A 1911 review of a downsized semi-auto pistol that is made for carry.
My first experience with large caliber semi-auto pistols was with a 1911. For many years, a 1911 was the only centerfire semi-auto I owned, and I learned to love John Browning’s remarkable design. Try to imagine any other mechanical design that’s still at the zenith of its life after more than 100 years of use. 1911s have been the mainstay of competition pistols since a few years after their introduction, and they’re still at the top.
Last year, I reviewed Springfield Armory’s Range Officer in 9mm. One of my friends who’s competed in almost every imaginable kind of competition and shot dozens of 1911s during his shooting career remarked that the 9mm Range Officer was one of the nicest out-of-the-box pistols he’s ever shot. He even proclaimed it to perhaps be the best bargain in modern firearms.
Originally a candidate in a Defense Department trial to find a lighter service pistol for officers, the Colt Commander was the first lightweight 1911. Chambered in 9mm and with an aluminum alloy frame and a 4¼-inch barrel, Colt put the Commander into production in 1950.
When I found out Springfield Armory was making a compact version, I knew I had to try one out and emailed Springfield Armory that same day requesting a test gun. The Range Officer Compact is a smaller gun than the Colt Commander of my youth. It has a 4-inch barrel and an aluminum alloy frame, and an Officer-length grip.
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The front strap is smooth and the flat back strap is checkered in a high-grip, fine checkering pattern. There’s an extended beavertail grip safety with a generous bump at the bottom to allow shooters with thin hands to engage the grip safety.
My hands are slender enough that I can’t rest my thumb on the thumb safety of guns without the bump and still be sure I’ll keep the grip safety engaged. The thumb safety is oversized and on the right side only. I think this is a good idea on a carry 1911.
While I haven’t carried a 1911 as a daily CCH gun, I’ve had friends in law enforcement advise me that an ambidextrous safety might not be a good idea on a carry 1911 because it can be disengaged by seat belts and other objects the shooter comes in contact with. If you need a left-hand safety, it’s an easy and economical add on.
The trigger is a long, lightweight speed trigger. On my test gun the trigger broke with a slight amount of creep at just over 5 pounds, reasonable for a concealed carry defense gun. There are angled, generous cocking serrations on the rear area of the slide. The hammer is a skeletonized Commander style.
Sights are a combat style two-dot rear and a high-visibility front with both green and red replacement material provided. The slide sports a flat Parkerized finish, and the aluminum frame is black Hardcoat anodized and matches well. The grips are thin cocobolo with double diamonds at the attachment screws and the familiar crossed cannons Springfield Armory logo.
A Bull-Barreled Gun
While the standard Range Officer is straight laced all the way, the design of the Range Officer is drastically different from the build of older 1911s. The Compact is a bull-barreled gun without a barrel bushing. The stainless steel match-grade barrel features a fully supported ramp, and there’s a full-length recoil spring guide rod and dual recoil springs.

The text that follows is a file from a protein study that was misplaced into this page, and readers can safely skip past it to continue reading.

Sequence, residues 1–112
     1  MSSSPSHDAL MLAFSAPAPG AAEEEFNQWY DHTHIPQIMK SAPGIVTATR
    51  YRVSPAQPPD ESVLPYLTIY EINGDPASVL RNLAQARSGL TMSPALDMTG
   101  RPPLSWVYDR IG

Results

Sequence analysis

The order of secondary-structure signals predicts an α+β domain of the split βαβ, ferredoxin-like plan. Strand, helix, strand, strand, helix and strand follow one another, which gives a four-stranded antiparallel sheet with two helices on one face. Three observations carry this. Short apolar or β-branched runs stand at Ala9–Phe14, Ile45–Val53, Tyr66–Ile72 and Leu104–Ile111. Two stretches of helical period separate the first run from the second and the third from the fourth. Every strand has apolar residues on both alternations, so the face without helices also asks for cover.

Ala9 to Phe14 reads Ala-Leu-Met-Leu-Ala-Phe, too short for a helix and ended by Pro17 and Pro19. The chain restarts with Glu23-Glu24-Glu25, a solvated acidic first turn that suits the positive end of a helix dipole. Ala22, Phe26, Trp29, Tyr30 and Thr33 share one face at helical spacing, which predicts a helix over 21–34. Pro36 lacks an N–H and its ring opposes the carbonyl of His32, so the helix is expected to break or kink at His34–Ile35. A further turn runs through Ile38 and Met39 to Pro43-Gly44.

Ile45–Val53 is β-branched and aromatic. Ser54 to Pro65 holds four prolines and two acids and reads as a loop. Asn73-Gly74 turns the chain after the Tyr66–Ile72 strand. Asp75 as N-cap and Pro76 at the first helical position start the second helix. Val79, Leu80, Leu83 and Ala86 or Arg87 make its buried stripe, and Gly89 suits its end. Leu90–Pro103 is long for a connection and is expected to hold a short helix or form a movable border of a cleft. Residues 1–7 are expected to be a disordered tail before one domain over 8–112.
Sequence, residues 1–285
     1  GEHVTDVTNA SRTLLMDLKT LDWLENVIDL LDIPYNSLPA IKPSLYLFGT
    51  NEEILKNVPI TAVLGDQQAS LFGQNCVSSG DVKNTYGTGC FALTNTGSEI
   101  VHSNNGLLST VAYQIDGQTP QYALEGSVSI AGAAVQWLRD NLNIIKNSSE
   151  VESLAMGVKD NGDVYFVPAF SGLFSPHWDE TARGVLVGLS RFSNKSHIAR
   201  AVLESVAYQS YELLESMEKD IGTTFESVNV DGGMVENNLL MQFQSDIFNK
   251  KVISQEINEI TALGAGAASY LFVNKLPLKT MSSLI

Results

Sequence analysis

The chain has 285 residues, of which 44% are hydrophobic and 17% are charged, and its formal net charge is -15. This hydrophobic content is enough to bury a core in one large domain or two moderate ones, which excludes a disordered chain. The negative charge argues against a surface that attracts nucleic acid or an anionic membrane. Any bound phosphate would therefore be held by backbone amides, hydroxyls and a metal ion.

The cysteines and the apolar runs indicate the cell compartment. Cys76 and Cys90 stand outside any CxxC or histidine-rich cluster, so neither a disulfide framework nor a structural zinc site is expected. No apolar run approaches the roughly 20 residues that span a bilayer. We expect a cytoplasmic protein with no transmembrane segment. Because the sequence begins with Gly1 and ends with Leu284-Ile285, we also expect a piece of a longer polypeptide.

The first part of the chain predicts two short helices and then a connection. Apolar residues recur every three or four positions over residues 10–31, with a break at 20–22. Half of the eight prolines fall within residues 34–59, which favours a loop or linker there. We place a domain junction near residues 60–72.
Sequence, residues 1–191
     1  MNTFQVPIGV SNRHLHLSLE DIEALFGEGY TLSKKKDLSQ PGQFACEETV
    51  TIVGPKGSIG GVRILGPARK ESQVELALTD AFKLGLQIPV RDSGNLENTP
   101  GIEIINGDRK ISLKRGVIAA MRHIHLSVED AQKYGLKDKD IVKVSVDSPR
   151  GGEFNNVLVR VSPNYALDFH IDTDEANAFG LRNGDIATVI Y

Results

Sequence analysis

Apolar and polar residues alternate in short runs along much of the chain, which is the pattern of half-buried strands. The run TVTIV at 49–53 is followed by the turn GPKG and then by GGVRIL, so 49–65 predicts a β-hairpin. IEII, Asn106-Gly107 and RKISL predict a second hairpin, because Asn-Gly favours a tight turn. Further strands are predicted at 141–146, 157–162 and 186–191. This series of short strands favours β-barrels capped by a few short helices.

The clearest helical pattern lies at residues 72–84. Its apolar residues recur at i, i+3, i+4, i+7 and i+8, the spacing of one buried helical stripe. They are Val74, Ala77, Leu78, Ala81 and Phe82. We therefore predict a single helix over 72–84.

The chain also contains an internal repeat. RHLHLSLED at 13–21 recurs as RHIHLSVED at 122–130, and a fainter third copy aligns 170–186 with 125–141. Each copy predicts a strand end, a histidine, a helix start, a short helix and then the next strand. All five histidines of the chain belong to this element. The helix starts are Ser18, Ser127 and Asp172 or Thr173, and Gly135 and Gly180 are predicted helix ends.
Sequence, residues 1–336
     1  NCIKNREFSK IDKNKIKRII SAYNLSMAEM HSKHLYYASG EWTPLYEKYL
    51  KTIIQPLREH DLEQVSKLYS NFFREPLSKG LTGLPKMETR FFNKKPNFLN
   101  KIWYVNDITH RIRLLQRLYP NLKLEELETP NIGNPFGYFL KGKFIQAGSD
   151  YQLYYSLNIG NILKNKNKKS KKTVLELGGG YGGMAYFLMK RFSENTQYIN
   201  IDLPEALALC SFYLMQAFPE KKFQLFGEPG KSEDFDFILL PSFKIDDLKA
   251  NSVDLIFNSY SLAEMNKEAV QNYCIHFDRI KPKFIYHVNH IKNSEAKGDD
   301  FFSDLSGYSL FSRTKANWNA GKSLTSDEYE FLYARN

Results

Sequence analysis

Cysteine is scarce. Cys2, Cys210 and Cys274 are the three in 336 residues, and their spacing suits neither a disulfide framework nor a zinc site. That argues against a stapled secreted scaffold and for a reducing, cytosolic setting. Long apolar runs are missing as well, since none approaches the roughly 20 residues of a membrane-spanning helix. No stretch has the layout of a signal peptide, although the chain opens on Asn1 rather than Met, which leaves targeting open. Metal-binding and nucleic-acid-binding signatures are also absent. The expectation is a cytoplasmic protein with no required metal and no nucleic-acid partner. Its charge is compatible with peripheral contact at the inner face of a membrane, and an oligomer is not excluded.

Shooting the Range Officer Compact is similar to shooting an old style Commander except with better sights and more ergonomic controls. Recoil with 230-grain hardball and +P defense loads is snappy but manageable. It’s my theory that you carry a gun more than you shoot it, and if you use the gun to defend yourself, you’ll never feel the recoil. Obviously, second shot recovery is always an issue with hard kicking guns, but no one will argue the potential of the .45 ACP round, and heavy guns often get left at home.
Accuracy was more than adequate, though it seemed to take 50 or so rounds for it to settle down. Of course, this might have been me. After a couple hundred rounds, I managed a pretty respectable 10-shot group at 10 yards. Slow fire and rapid fire were both manageable and plenty accurate. It wasn’t a problem running the plate machine at 10 yards while staying on the standard six-second time limit.
Most of my shooting was done with Winchester 230-grain Target and Win 1911 230-grain Target. I also ran a couple of boxes of 185-grain Silvertips, and there wasn’t a single malfunction.
Like the standard Range Officer, the Range Officer Compact is a lot of gun for the money. If I were to voice a suggestion, it would be to include at least one slightly longer magazine for pocket carry or perhaps to extend the magazine just a bit to allow for seven rounds. Of course, longer magazines for 1911s are not difficult to find. Extra magazine capacity is always a good thing.
The RO Compact functions flawlessly and is more than accurate enough for the purpose intended. There’s a hard plastic case with a holster, magazine pouch, two six-round magazines, tools and extra sight insert material. As is the usual case for Springfield Armory, it’s a lot of gun and an excellent value.
This article also appeared in the Spring 2015 issue of Gun Digest the Magazine.
Springfield Armory Range Officer Compact
Caliber: .45 ACP
Capacity: 6 + 1
Magazines: Blued steel with witness holes
Barrel: 4-in. stainless steel, ramped match grade
Sights: Two-dot combat style rear and high-visibility front
Frame: Aluminum alloy with anodized matte finish
Slide: Forged steel, Parkerized
Length: 7.6 in.
Height: 5 in.
Weight: 28.5 oz.
Options: Comes with a hard plastic case, holster, magazine pouch, two six-round magazines, tools and extra sight insert material
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